Referees going forward will have to alter their interpretation of the offside rule per instruction, after Bernardo Silva’s controversial goal for Manchester City against Aston Villa last week sparked widespread disagreement.
Although the existing interpretation used by the on-field referee Jon Moss and assistant Darren Cann was correct in deciding that the goal should stand, however, the goal would have been ruled out under the new guidance.
The new changes have been written to all 92 professional clubs in the Premier League and EFL advising of the new changes which will now apply in all domestic competitions in the future.
In the letter, it accepted the general feeling within the game that Rodri gained an unfair advantage in being able to challenge Tyrone Mings while coming back from an offside position.
As a result, the PGMOL, IFAB, and football’s lawmakers all held talks and agreed on a strategy for this specific part of the offside law going forward.
The letter states: “Where a player in an offside position immediately impacts on an opponent who has deliberately played the ball, the match officials shall prioritise challenging an opponent for the ball, and thus the offence of ‘interfering with an opponent by impacting on the opponent’s ability to play the ball’ shall be penalized.”
However, if for example, an attacking player in an offside position receives the ball from a misplaced pass or miskick by an opponent, that attacking player will not be flagged offside – a situation which Aston Villa benefitted from against Newcastle on Saturday when Fabian Schar’s attempted clearance fell to Ollie Watkins, who scored with a header.
Despite this latest clarification from the PGMOL, it is still left to a referee’s discretion to decide when one “phase” of play becomes another as it remains a complicated grey area for football’s officials.
A full Premier League statement on updated information concerning the offside rule read: “The offside situation in the recent match between Manchester City and Aston Villa has generated significant debate and discussion within the game.
“The general consensus was that Rodri gained an unfair advantage in being able to challenge Tyrone Mings in starting from an offside position, immediately after Mings had chested the ball.
“Professional Game Match Officials Limited (PGMOL) have subsequently discussed this incident with both the International Football Association Board (IFAB) and UEFA to consider how to act in the best interests of the game in future situations of this type, ensuring that the spirit and intention of the Law is best reflected in decision-making going forwards.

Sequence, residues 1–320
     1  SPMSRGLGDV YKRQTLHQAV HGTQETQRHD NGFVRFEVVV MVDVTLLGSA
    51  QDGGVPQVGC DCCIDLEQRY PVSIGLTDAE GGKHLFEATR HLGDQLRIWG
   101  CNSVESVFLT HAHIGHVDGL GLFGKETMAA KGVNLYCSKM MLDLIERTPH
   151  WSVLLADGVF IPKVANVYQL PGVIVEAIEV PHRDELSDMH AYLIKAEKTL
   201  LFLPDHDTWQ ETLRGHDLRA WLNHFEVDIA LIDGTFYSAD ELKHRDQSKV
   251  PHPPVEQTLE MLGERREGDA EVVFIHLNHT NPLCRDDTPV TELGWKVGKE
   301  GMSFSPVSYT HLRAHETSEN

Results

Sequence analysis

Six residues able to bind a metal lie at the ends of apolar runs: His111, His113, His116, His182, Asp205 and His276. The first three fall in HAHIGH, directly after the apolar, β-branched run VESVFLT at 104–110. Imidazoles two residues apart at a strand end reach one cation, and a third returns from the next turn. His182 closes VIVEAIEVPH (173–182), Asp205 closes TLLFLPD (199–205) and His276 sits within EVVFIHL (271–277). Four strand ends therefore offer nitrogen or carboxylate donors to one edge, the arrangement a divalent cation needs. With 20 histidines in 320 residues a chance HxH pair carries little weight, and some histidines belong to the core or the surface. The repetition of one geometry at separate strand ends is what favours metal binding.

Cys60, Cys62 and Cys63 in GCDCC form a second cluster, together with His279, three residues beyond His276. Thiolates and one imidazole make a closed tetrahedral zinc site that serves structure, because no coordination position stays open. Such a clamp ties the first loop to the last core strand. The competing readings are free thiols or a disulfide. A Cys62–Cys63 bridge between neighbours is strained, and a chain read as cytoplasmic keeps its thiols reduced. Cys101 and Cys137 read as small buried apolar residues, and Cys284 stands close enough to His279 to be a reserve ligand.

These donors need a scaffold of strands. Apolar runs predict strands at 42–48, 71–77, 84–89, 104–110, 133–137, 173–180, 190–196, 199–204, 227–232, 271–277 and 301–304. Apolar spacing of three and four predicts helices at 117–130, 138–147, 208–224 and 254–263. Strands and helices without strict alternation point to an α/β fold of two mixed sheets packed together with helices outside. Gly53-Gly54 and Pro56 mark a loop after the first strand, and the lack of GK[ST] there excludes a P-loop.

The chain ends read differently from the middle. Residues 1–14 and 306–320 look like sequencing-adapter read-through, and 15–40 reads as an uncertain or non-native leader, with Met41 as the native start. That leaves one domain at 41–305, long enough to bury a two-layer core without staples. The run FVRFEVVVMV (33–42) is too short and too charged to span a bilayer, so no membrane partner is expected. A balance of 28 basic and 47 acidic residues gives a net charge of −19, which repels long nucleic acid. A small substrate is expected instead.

“Following these positive discussions, IFAB have provided the following clarification, emphasising what should be prioritised when interpreting similar situations in the future. The guidance for match officials in interpreting Law 11 will now include the following advice:
“Where a player in an offside position immediately impacts on an opponent who has deliberately played the ball, the match officials should prioritise challenging an opponent for the ball, and thus the offside offence of ‘interfering with an opponent by impacting on the opponent’s ability to play the ball’ should be penalised.
“Accordingly, if a similar situation to the one involving Rodri’s impact on Mings occurred in a future match, then the impact would be penalised for offside.
“However, it is important to remember that where a player in an offside position receives the ball from an opponent who deliberately plays the ball (e.g. a misplaced pass or miskick), including by deliberate handball, the player is not considered to have gained an advantage, unless it was a deliberate save by any opponent.
“Accordingly, Aston Villa’s first goal against Newcastle United on Saturday 23 January 2021 was correctly not penalised for offside as Ollie Watkins received the ball following a deliberate play by Fabian Schar and did not impact Schar’s ability to play the ball.”